Congratulations, you’ve got the job. What happens next?
Assuming that the offer you have received is the offer you want and you have the details in writing, the next step is to resign. You will need to be prepared to give the correct amount of notice and will have to confirm this with your manager once you have handed your notice in.
You will need to write a letter of resignation stating the date of resignation and the period of notice you are giving. Click here to access an example resignation letter.
Try to resign face to face with your manager and endeavour to keep it amicable. Avoid negative comments, as you do not want to burn your bridges; you never know when you might want to go back and work there in the future.
You may be asked what salary you have been offered and for whom you are going to work. This information does not have to be shared and you are within your rights to keep it confidential.
Be prepared to be escorted from the building immediately if you are going to work for a competitor. Companies often employ this policy as they would not want you to be able to access sensitive information once they know your loyalties lie elsewhere.
Once you have resigned, you must be prepared for your employer to try and convince you to stay. It is human nature and they will wish to avoid the aggravation of losing a member of staff.
The counter offer can come in many forms, the most common being:
- Taking a greater interest in your views and promising things will change in the future.
- Speaking negatively about your moving to a competitor or different industry.
If you accept a counter offer, you employer will always know that you tried to leave and you will have to consider whether he/she will trust you from now on.
Should you have a genuine day off due to illness, will he/she believe you or will there be a nagging doubt in the back of their heads that you might be at an interview?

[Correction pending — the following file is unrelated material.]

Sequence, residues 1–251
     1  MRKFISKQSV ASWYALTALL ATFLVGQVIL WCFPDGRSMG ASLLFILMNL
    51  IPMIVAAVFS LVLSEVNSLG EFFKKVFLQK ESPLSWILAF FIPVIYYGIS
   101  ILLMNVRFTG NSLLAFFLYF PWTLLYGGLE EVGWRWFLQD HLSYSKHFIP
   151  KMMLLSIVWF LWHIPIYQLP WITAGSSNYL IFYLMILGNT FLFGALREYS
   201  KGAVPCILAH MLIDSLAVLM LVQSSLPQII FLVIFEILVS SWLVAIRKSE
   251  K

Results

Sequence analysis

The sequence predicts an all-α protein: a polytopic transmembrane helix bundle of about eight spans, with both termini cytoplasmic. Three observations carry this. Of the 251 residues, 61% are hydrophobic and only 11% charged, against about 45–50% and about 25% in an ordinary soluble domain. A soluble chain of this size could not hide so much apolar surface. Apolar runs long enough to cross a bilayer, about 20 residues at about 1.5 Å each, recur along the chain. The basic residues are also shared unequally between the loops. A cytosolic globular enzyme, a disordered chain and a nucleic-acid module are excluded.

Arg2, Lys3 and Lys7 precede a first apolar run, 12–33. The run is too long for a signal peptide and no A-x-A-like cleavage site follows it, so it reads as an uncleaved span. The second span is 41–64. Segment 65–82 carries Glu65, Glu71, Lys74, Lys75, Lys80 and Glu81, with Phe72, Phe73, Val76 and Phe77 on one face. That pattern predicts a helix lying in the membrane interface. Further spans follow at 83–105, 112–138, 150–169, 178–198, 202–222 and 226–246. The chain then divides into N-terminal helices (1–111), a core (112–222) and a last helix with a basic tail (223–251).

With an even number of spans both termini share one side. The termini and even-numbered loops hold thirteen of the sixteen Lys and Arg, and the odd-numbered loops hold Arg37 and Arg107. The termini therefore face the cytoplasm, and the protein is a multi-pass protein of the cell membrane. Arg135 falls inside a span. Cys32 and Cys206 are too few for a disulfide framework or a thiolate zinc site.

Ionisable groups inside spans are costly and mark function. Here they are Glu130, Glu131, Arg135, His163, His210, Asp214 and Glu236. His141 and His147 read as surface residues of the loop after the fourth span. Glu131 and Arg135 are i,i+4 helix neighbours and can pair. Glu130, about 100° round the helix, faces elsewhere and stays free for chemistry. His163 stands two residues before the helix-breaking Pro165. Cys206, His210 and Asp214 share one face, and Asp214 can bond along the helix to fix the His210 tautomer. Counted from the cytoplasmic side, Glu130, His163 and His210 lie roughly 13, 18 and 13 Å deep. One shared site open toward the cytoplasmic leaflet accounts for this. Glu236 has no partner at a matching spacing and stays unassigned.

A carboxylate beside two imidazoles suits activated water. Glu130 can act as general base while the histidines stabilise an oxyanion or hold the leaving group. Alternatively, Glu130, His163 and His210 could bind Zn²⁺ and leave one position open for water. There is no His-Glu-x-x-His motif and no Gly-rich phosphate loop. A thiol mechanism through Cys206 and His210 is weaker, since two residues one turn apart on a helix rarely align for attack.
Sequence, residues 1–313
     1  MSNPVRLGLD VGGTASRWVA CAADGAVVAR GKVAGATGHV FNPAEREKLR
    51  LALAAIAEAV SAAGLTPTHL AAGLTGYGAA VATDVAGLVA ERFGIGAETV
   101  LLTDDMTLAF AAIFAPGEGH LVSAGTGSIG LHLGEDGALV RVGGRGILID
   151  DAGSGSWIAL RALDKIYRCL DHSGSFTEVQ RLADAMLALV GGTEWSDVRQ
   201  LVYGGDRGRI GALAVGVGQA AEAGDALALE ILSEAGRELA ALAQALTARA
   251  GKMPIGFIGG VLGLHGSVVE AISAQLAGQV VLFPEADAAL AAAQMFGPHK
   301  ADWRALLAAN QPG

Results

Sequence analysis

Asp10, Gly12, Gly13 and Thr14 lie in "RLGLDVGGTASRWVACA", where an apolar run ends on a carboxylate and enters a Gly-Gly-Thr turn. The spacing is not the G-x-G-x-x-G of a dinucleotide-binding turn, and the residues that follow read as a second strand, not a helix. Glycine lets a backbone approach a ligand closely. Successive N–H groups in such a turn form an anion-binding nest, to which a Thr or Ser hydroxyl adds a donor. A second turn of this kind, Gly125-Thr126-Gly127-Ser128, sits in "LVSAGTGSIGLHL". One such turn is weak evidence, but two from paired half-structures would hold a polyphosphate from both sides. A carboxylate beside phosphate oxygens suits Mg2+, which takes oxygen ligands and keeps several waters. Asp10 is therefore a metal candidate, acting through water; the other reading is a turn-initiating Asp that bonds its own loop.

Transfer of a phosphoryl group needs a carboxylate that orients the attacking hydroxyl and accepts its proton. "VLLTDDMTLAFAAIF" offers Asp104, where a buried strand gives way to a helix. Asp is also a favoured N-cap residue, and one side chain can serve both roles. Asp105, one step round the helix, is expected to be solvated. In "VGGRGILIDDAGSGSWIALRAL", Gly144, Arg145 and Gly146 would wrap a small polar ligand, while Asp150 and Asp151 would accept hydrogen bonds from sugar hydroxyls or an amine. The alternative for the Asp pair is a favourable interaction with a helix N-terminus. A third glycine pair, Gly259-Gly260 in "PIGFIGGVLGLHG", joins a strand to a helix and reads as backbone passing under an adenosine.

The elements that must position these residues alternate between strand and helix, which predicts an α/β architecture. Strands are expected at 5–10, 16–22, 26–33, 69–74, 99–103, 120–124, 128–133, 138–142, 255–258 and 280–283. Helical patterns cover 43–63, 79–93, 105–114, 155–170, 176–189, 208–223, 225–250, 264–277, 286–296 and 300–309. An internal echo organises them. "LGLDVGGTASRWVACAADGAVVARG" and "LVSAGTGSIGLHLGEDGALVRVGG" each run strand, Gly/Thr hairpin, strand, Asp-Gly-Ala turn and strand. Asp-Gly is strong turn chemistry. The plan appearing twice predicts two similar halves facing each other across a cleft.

You will also have to consider whether you would be passed over for promotion. If the employer is looking for internal people to develop and it is between one candidate who has been loyal/not looked for new employment, or you, who did actually resign, whom who would you promote?!
If you accept a financial offer you will have to consider where the money has come from and why you weren't paid that amount in the first place. It may be that you will be receiving a pay rise early which will mean waiting for a very long time for another one. If you are so valued and good at your job why does it necessitate your resignation before an increase in salary is warranted?
Resigning is not always an easy task and can be emotional if you have worked for a company for a long time and have a good relationship with your manager.
The best way to approach it is too stick to the facts and remember what it was that encouraged you to look for a new role in the first place. As one door closes another one opens and you mustn't lose sight of the new challenges and opportunities ahead of you.